How to Use gsql

Prerequisites

The user using** gsql** must have the permission to access the database.

Background

You can use the gsql command to connect to the local database or remote database. When connecting to the remote database, enable remote connection on the server. For details, see “Working with Databases > Connecting to a Database > Using gsql to Connect to a Database > Remotely Connecting to a Database” in the Developer Guide.

Procedure

  1. Connect to the openGauss server using the gsql tool.

    The gsql tool uses the -d parameter to specify the target database name, the -U parameter to specify the database username, the -h parameter to specify the host name, and the -p parameter to specify the port number.

    NOTE: If the database name is not specified, the default database name generated during initialization will be used. If the database username is not specified, the current OS username will be used by default. If a variable does not belong to any parameter (such as -d and -U), and -d is not specified, the variable will be used as the database name. If -d is specified but -U is not specified, the variable will be used as the database username.

    Example 1: Connect to the 8000 port of the local postgres database as user omm.

    gsql -d postgres -p 8000
    

    Example 2: Connect to the 8000 port of the remote postgres database as user jack.

    gsql -h 10.180.123.163 -d postgres -U jack -p 8000
    

    In a centralized cluster, when connecting to the primary DN, you can use commas (,) to separate the IP addresses of DNs and add them to the end of -h. gsql connects to each IP address in sequence to check whether the current DN is the primary DN. If no, gsql disconnects from the current IP address and attempts to connect to the next IP address until the primary DN is found.

    gsql -h 10.180.123.163,10.180.123.164,10.180.123,165 -d postgres -U jack -p 8000
    

    Example 3: postgres and omm do not belong to any parameter, and they are used as the database name and the username, respectively.

    gsql postgres omm -p 8000
    

    Equals

    gsql -d postgres -U omm -p 8000
    

    For details about the gsql parameters, see Command Reference.

  2. Run a SQL statement.

    The following takes creating database human_staff as an example:

    CREATE DATABASE human_staff;
    CREATE DATABASE
    

    Ordinarily, input lines end when a command-terminating semicolon is reached. If the command is sent and executed without any error, the command output is displayed on the screen.

  3. Execute gsql meta-commands.

    The following takes all openGauss databases and description information as an example:

    openGauss=# \l
                                    List of databases
          Name      |  Owner   | Encoding  | Collate | Ctype |   Access privileges   
    ----------------+----------+-----------+---------+-------+-----------------------
     human_resource | omm | SQL_ASCII | C       | C     | 
     postgres       | omm | SQL_ASCII | C       | C     | 
     template0      | omm | SQL_ASCII | C       | C     | =c/omm         +
                    |          |           |         |       | omm=CTc/omm
     template1      | omm | SQL_ASCII | C       | C     | =c/omm          +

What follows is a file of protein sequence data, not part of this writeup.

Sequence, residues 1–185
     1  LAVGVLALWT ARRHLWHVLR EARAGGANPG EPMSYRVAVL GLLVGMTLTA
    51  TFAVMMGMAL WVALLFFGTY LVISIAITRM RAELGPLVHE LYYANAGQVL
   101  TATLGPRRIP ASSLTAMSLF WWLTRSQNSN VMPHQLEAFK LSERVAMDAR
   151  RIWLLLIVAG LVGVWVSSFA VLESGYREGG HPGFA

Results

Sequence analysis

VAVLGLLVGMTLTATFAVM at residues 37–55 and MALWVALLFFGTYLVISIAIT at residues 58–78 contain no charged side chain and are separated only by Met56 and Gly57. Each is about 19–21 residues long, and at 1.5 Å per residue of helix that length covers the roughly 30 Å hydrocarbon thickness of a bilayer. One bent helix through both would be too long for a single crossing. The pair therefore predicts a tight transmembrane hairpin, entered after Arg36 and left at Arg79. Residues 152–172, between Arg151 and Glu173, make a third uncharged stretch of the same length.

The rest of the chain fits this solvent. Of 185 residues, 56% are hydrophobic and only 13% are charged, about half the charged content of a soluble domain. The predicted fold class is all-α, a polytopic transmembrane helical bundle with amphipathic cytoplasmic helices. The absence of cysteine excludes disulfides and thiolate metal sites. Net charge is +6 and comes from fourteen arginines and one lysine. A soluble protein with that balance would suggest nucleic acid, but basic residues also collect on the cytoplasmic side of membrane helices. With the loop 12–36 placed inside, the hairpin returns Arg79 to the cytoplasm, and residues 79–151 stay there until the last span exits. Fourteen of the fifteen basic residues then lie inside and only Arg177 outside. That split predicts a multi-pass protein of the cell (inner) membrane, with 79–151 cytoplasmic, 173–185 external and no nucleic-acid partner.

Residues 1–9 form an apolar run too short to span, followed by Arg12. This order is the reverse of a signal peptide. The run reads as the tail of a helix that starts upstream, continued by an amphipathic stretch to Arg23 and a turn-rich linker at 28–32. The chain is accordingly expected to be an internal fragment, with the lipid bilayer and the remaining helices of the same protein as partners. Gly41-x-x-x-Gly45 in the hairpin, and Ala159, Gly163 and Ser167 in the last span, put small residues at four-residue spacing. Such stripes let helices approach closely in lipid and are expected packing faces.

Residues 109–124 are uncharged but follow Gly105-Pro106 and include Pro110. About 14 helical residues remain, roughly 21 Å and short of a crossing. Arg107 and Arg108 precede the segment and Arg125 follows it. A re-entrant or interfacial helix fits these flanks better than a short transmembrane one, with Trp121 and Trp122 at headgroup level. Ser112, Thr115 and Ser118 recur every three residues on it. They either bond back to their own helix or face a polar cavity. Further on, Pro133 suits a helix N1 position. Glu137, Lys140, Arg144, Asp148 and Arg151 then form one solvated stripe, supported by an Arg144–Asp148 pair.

|          |           |         |       | omm=CTc/omm
     human_staff    | omm | SQL_ASCII | C       | C     | 
    (5 rows)
    

    For details about gsql meta-commands, see Meta-Command Reference.

Example

The example shows how to spread a command over several lines of input. Note the prompt change:

openGauss=# CREATE TABLE HR.areaS(
openGauss(# area_ID   NUMBER,
openGauss(# area_NAME VARCHAR2(25)
openGauss-# )tablespace EXAMPLE;
CREATE TABLE

Query the table definition:

openGauss=# \d HR.areaS
               Table "hr.areas"
  Column   |         Type          | Modifiers 
-----------+-----------------------+-----------
 area_id   | numeric               | not null
 area_name | character varying(25) | 

Insert four lines of data into HR.areaS.

openGauss=# INSERT INTO HR.areaS (area_ID, area_NAME) VALUES (1, 'Europe');
INSERT 0 1
openGauss=# INSERT INTO HR.areaS (area_ID, area_NAME) VALUES (2, 'Americas');
INSERT 0 1
openGauss=# INSERT INTO HR.areaS (area_ID, area_NAME) VALUES (3, 'Asia');
INSERT 0 1
openGauss=# INSERT INTO HR.areaS (area_ID, area_NAME) VALUES (4, 'Middle East and Africa');
INSERT 0 1

Change the prompt.

openGauss=# \set PROMPT1 '%n@%m %~%R%#'
omm@[local] openGauss=#

Query the table:

omm@[local] openGauss=# SELECT * FROM HR.areaS;
 area_id |       area_name        
---------+------------------------
       1 | Europe
       4 | Middle East and Africa
       2 | Americas
       3 | Asia
(4 rows)

Use the \pset command to display the table in different ways:

omm@[local] openGauss=# \pset border 2
Border style is 2.
omm@[local] openGauss=# SELECT * FROM HR.areaS;
+---------+------------------------+
| area_id |       area_name        |
+---------+------------------------+
|       1 | Europe                 |
|       2 | Americas               |
|       3 | Asia                   |
|       4 | Middle East and Africa |
+---------+------------------------+
(4 rows)
omm@[local] openGauss=# \pset border 0
Border style is 0.
omm@[local] openGauss=# SELECT * FROM HR.areaS;
area_id       area_name        
------- ----------------------
      1 Europe
      2 Americas
      3 Asia
      4 Middle East and Africa
(4 rows)

Use the meta-command:

omm@[local] openGauss=# \a \t \x
Output format is unaligned.
Showing only tuples.
Expanded display is on.
omm@[local] openGauss=# SELECT * FROM HR.areaS;
area_id|2
area_name|Americas

area_id|1
area_name|Europe

area_id|4
area_name|Middle East and Africa

area_id|3
area_name|Asia
omm@[local] openGauss=#
Feedback
编组 3备份
    openGauss 2024-04-21 00:47:23
    cancel